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Uber and Lyft to Stay in California … for Now

By Claire E. Morton / Aug 31, 2020

Consumers in California will still be able to utilize the rideshare services of Uber and Lyft, at least for the time being. The rideshare companies recently lost their attempt to delay a preliminary injunction that will compel them to reclassify their drivers as “employees.” In response to the order, the companies announced that they would leave their home state of California. The Court of Appeal recently granted a temporary stay in favor of the rideshare companies while the matter is under appeal, enabling them to continue to operate without having to immediately reclassify their drivers.

Background

On August 10, 2020, a San Francisco Superior Court judge found that Uber Technologies, Inc. (“Uber”) and Lyft, Inc. (“Lyft”) are in violation of Assembly Bill 5 (“AB 5”) ordered them to classify their drivers as “employees” within 10 days of the Order. Classifying the drivers as “employees” attaches obligations, such as providing the drivers with unemployment insurance, workers' compensation, and overtime.

AB 5

AB 5 was signed into law in September 2019 and became effective on January 1, 2020. The legislature declared its intent to codify the decision in Dynamex Operations West, Inc., v. Superior Court of Los Angeles Ct. App 2/7 B249546.

The decision in Dynamex established the “ABC test” for determining whether a person will be considered to be an employee or an independent contractor. Under the ABC test, a worker will be deemed to have “suffered or permitted to work” and considered an “employee,” unless the putative employer satisfies all of the following conditions:

  • The person is free from control and direction of the hiring entity in connection with the performance of the work, both under the contract for the performance of the work and in fact;
  • The person performs work that is outside the usual course of the hiring entity’s business; and
  • The person is customarily engaged in an independently established trade, occupation, or business of the same nature as that involved in the work performed.

(Labor Code §2750.3(a)(1)).

In the Uber and Lyft matter, the Superior Court rejected the companies’ claim that they were not hiring entities.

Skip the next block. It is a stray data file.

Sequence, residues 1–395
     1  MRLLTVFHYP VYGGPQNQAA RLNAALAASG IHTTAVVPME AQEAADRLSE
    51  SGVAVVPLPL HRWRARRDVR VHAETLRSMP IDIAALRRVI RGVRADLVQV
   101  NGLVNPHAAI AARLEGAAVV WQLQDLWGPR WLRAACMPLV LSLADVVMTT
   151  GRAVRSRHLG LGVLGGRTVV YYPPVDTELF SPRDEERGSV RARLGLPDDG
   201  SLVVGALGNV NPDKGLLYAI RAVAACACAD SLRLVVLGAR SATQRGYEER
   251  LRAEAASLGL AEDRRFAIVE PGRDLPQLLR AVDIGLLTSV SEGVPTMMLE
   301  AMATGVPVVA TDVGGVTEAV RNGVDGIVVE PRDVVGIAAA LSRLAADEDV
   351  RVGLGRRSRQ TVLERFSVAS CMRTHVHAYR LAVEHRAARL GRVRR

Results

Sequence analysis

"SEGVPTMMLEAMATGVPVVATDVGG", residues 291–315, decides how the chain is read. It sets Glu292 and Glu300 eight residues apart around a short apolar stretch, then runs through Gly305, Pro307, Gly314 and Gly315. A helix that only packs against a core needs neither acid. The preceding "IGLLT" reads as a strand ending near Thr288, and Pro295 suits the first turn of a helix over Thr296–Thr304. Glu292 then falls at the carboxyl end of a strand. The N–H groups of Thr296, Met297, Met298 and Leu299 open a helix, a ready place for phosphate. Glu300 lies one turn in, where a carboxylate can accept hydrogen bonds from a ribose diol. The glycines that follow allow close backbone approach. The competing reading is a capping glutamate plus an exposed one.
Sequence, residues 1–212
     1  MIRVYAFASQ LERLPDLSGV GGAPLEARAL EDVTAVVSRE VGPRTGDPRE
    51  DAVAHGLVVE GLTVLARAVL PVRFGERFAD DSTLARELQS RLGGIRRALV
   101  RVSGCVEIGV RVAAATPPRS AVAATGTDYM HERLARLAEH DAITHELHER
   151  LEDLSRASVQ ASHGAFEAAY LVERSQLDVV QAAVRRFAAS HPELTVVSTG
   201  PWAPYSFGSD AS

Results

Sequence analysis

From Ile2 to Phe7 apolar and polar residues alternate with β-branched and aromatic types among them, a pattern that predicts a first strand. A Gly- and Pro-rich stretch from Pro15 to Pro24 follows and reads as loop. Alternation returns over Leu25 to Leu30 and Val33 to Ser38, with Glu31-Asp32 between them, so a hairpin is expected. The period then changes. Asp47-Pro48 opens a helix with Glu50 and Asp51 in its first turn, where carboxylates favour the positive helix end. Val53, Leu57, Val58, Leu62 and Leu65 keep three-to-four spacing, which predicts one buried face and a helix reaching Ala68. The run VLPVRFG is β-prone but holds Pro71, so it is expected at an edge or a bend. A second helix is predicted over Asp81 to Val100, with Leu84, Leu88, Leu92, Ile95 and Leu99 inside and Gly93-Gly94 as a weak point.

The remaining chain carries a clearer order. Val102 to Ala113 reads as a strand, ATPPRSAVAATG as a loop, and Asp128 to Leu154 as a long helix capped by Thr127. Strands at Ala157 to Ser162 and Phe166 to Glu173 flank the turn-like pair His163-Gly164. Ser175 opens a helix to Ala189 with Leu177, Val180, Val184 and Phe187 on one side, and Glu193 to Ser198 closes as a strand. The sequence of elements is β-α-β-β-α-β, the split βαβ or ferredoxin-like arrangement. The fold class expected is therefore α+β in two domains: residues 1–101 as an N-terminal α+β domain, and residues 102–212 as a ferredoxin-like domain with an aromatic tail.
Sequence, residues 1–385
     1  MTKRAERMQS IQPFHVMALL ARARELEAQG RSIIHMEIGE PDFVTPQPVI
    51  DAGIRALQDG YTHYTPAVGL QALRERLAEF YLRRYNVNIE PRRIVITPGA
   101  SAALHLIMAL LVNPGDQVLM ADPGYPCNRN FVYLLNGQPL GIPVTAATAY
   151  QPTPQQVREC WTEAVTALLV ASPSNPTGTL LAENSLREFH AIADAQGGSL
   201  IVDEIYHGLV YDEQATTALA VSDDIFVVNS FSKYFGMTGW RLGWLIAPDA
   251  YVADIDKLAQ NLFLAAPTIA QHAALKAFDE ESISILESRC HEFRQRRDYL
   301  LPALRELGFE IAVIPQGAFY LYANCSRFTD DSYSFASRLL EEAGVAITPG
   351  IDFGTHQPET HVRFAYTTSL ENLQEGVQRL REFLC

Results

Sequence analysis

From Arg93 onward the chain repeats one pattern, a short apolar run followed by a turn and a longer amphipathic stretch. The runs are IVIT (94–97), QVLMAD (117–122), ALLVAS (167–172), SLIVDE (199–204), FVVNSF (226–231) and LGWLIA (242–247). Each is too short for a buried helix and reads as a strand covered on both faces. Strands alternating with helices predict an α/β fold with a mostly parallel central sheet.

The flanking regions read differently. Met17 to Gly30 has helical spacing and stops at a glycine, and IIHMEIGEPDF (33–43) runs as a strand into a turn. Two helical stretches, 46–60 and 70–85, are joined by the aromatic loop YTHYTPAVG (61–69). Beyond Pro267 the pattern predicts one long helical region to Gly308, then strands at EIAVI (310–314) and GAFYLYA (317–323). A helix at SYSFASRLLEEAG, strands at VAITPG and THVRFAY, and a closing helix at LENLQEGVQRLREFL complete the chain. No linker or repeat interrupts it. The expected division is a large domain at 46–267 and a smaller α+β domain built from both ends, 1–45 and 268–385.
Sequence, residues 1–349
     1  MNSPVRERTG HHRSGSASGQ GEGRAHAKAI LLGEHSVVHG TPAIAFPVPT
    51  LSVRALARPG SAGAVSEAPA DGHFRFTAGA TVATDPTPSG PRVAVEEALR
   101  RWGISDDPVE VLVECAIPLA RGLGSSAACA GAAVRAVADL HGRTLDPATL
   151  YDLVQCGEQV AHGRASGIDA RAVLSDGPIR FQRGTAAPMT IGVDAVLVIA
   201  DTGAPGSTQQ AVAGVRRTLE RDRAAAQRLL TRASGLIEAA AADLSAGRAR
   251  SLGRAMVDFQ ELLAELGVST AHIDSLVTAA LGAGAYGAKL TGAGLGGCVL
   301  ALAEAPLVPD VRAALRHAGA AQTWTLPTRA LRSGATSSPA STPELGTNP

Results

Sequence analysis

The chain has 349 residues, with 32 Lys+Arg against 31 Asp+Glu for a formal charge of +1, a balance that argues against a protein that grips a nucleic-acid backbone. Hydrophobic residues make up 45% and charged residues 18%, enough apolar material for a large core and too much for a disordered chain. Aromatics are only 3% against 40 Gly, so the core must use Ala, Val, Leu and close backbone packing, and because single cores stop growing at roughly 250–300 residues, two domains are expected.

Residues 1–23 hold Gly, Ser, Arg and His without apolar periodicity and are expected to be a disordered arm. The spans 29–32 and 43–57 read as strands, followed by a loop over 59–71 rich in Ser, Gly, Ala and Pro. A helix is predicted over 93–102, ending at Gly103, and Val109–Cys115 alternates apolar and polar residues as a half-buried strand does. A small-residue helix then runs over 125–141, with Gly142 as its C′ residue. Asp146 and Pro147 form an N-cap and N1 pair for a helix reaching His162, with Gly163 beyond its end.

The rideshare companies have classified their drivers as independent contractors, which they argued provides those drivers with flexibility. The Court disagreed and ordered that the companies were unlawfully misclassifying those employees. The Court recognized that it was, “under no illusion that implementation of its injunction will be costless or easy. There can be no question that in order for Defendants to comply with AB 5, they will have to change the nature of their business practices in significant ways, such as by hiring human resources staff to hire and manage their driver workforces.”

The companies are appealing the Superior Court decision. In addition, Uber and Lyft also claimed publicly in response to the August 10th order that they would cease operations in California.

Proposition 22

The rideshare companies are further hoping to delay the enforcement of the Superior Court decision until California residents vote on Proposition 22 in November. Prop 22, as it is called, is a ballot measure which would exempt Uber and Lyft, as well as others such as, Instacart, DoorDash, and Postmates from paying their drivers the additional benefits that employees earn, meanwhile requiring the companies to pay, inter alia, 120% of the minimum wage, medical and disability coverage, health care contributions.

Prop 22 is promoted and backed by these companies. Lyft has written that if passed, Prop 22 “proposed the necessary changes to give drivers benefits and flexibility while maintaining the rideshare model.”

The Court of Appeal is scheduled to hear the matter on October 13, 2020. If the Court of Appeal affirms the Superior Court decision, the companies will either be obligated to implement the changes and alter their business model or possibly withdraw from California.